Radiator Fan Clutch
Radiator Fan Clutch at 1A Auto
What is a radiator fan clutch and where is it located?
The radiator fan clutch is an important, but often overlooked part of your vehicle’s cooling system. Most automobiles have either electric cooling fans, or a fan mechanically driven off the front of the engine to help air flow through the radiator. A radiator fan clutch is found on the fans that run off of the engine. This system is used primarily in trucks, SUVs, and rear-wheel drive cars where the engine is mounted longitudinally. In these cases, a fan driven off of the front of the engine can blow air onto the radiator to cool it.
In these engines, the radiator cooling fan is attached to the water pump by the radiator fan clutch. In some systems, known as non-thermal fan clutches, when the water pump spins, the cooling fan spins. So these types of fan clutches react to speed. In the more sophisticated thermal fan clutch there is a thermostatic spring that controls fluid flow to engage and disengage the fan clutch from the water pump.
Thermal fan clutches use a bimetallic spring, much like what’s in the thermostat in your house. This spring opens a valve that allows silicone fluid to flow from a reservoir, and the fluid engages the clutch when the temperature in the engine rises above the fan clutch's engagement temperature setting. This in turn fully engages the cooling fan, thus drawing in a higher amount of ambient air through the automobile’s radiator to lower the temp. As things cool down in the engine and the air temperature decreases, the fluid returns to the reservoir and the clutch disengages, causing the clutch to “slip” on the water pump and the fan to slow down. This process keeps the engine at its normal, optimal running temperature—warm but not too hot—and conserves energy since the engine does not have to fully drive the fan. If the fan ran constantly, it would use up power from the engine.
While there are only two types of radiator fan clutches, thermal and non-thermal, there are a few different designs. You may hear the terms standard, heavy duty, and severe duty when talking about fan clutches. Each type is made for specific applications only and provide for varying levels of performance benefits, etc. If your vehicle has an engine that has greater than 360 cubic inches of displacement, has air conditioning, or you tow or haul, then a heavy duty fan clutch is used. A severe duty fan clutch is correct for vehicles with heavy duty cooling and/or air conditioning, and can replace a light duty clutch with no modification needed. A standard duty clutch is intended for smaller displacement engines that are not running A/C. There are also electric fan clutch assemblies available. These types of fan clutches, as you might have guessed already, are electrically activated and are used only for specific applications as well when a replacement is needed. It is important to note that replacing your original fan clutch with the wrong replacement can result in a number of problems, including full blown failure of the fan clutch, so make sure you are getting the right one for your vehicle.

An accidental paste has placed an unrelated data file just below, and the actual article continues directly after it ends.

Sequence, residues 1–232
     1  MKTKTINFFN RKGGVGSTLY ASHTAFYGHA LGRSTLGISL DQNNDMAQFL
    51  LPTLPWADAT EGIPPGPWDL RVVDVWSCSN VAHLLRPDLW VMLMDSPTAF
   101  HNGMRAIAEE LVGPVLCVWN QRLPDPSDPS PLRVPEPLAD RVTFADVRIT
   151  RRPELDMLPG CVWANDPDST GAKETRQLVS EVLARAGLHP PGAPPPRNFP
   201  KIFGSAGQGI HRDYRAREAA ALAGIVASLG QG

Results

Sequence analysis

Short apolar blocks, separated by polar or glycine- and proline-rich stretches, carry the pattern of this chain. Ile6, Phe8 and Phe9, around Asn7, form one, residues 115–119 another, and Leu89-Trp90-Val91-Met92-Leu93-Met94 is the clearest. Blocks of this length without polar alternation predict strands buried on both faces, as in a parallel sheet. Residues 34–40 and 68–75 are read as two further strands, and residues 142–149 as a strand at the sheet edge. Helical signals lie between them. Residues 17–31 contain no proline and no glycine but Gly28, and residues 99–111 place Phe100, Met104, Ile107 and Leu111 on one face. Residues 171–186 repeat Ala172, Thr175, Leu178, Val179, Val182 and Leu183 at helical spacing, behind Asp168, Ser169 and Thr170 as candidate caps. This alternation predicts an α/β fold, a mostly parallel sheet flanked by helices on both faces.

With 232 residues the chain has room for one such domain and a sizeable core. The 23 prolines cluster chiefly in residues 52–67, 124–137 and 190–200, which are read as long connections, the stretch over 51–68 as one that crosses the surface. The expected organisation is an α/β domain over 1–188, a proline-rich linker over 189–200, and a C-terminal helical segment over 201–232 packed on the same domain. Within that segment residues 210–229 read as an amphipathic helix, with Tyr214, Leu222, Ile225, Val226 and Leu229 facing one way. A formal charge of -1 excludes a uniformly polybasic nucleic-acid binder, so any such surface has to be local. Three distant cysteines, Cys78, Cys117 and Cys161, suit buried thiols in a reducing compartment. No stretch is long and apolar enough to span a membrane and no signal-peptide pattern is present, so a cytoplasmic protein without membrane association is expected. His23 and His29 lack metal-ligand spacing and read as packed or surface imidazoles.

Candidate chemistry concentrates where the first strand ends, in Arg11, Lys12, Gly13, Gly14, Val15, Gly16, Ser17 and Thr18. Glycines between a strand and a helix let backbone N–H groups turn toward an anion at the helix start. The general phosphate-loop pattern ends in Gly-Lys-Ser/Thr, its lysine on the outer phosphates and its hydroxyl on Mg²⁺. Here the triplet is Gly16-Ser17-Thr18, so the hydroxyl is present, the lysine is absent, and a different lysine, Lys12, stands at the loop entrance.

How do I know if my radiator fan clutch needs to be replaced?
There are a number of issues that can cause different problems with your fan clutch assembly. Over time, the fluid can deteriorate or leak, which can increase the slippage. This will make the fan run slower than it should, which can lead to engine overheating, especially during idling. It is also possible for the thermal valve to wear out, which could also result in increased slippage.
The opposite situation can also occur, and predictably cause the opposite problem. If the radiator fan clutch becomes stuck engaged, then overcooling may occur. Poor performance or poor gas mileage can be symptoms of overcooling. If overcooling happens during the winter, you may find that when you run your vehicle’s heater the air is not as warm as it was before. The bearings that connect the radiator fan clutch to the water pump could also become too loose or seize, causing too much slippage or too much engagement and the associated problems described above.
One way to check for problems with the radiator cooling fan clutch is, with the engine turned off, to try to turn the radiator fan by hand. If you can spin it more than a full rotation then there may be too much slippage. If you can’t budge it, it’s seized to the water pump. In either case, the cooling fan clutch will need to be replaced. If you see a greasy build up, or fluid leaking out of the fan clutch assembly, this is also a sign that it needs to be replaced.
Can I replace a radiator fan clutch myself?
Replacing the radiator fan clutch will require some time, some effort, and a specialty tool called a fan clutch wrench. The fan clutch wrench provides leverage to help remove the central nut from the fan clutch. You will need to remove the entire cooling fan assembly in order to replace the fan clutch. Since you will be working near the radiator, be careful not to damage the radiator fins, since that could cause overheating.